The first time I saw you play was with Tides of Man. It was on that Squash the Beef tour with DGD and Emarosa. What was your perception of DGD before you joined the band?
I had heard of them, and heard them before that tour, but I never really paid attention. Then we played a show with them, actually; Tides of Man did right before that tour. They were on their leg going home from Warped Tour. I think the first time I met them was Little Rock, Ark. We played a very tiny show in a coffee shop. They were touring [2009's] Happiness at the time. That was the first time I had seen them, my whole band; we were floored because we had been playing some local shows and we had just come off a tour, our first tour ever with Asking Alexandria, and A Static Lullaby was headlining, and Motionless in White.

When did they contact you about being DGD's new singer? Was it a permanent thing in the beginning? Or was it like, "Hey, we got this tour"? 
I don’t know, should I be honest? [Laughs] Jonny Craig had gotten kicked out, and I think Matt [Mingus, drummer] called me, and they were all really drunk. They were like, "Dude listen." And basically, Matt was like, "Let's do this shit! You're perfect for us! Let's jump into this shit! Let's fucking destroy the world!" It was a very inspirational drunk chat. At the time, I had been flirting with a few bands, and I had a very conservative mindset. I was like, "Yeah, I'll tell you what: Let's do this tour and see what happens." Then we did that whole first tour and for them, I think coming off of the split with Jonny, it was kind of a flop, but for me, it was awesome. The time of my life.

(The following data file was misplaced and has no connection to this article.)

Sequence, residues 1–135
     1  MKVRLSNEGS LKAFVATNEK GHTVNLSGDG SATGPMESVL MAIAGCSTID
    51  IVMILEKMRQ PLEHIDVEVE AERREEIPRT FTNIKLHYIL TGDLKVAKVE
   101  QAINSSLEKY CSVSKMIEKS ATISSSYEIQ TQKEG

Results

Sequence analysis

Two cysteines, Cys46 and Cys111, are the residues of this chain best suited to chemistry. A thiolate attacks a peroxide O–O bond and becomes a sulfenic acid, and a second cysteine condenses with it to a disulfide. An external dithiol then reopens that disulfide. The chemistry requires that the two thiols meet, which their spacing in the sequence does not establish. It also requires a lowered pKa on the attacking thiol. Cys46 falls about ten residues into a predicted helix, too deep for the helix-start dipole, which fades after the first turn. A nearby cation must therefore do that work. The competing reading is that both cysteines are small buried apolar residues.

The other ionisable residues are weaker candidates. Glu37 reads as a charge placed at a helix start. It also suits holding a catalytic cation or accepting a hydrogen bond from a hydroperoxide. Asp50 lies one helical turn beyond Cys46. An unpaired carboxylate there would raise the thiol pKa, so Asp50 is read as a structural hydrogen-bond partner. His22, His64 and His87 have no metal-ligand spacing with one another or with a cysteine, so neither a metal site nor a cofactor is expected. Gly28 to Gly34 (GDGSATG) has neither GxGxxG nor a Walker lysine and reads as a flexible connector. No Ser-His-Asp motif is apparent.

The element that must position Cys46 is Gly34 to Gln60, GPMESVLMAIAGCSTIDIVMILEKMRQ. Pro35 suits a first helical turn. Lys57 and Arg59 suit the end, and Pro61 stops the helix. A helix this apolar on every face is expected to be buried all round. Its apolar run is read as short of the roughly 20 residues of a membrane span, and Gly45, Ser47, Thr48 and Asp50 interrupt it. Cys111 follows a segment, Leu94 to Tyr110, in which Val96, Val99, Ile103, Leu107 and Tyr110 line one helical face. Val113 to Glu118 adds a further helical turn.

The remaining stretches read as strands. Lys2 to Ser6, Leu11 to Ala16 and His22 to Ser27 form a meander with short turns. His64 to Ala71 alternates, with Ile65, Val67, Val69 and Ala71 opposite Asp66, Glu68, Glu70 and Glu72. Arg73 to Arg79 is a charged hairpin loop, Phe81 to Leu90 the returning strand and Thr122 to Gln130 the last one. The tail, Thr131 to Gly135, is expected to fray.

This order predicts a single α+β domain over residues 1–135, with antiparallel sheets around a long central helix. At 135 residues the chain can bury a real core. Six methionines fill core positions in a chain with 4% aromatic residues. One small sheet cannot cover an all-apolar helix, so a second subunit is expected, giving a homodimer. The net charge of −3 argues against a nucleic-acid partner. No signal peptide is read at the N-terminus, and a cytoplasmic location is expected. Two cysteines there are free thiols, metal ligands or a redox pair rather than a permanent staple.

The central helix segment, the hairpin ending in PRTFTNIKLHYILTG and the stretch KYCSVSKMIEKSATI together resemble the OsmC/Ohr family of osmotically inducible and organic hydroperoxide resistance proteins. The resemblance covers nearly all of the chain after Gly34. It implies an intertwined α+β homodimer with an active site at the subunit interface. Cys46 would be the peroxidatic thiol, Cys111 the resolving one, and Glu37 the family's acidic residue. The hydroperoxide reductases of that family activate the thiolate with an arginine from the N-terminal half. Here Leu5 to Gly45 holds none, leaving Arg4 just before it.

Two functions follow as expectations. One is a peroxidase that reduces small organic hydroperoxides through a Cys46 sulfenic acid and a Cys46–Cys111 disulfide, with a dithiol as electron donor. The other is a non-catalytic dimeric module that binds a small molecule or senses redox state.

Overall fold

How do you and Jon do the vocals? What was it like during the beginning?
On [Acceptance Speech], he had a lot of it written, as far as I remember. I had also done a good amount of demos without him. I had some songs written without him and he had some songs written without me. Then we kind of just collaborated from there. I think we got some of our more coherent work that the band has ever done lyrically, at least on that album. Just because, in terms of how hard I've ever tried on vocals, I'd say that one was the hardest. We weren't satisfied with stuff, we'd change stuff, we'd try to make it better. I think we wrote "[Strawberry] Swisher [Part] III" at lunch over a burger and a beer. [Laughs] It was important to both of us. Jon didn't want to be like, "Oh, the band is done." I didn't want to be like, "Oh, I killed the band," so there was a lot of pressure on that album.
Then on Instant Gratification, there was a lot more freedom. We just went in and did whatever we wanted. There wasn't as much pressure, and we just blurred our way through it and after the fact, we were like, "Wow, this is cool."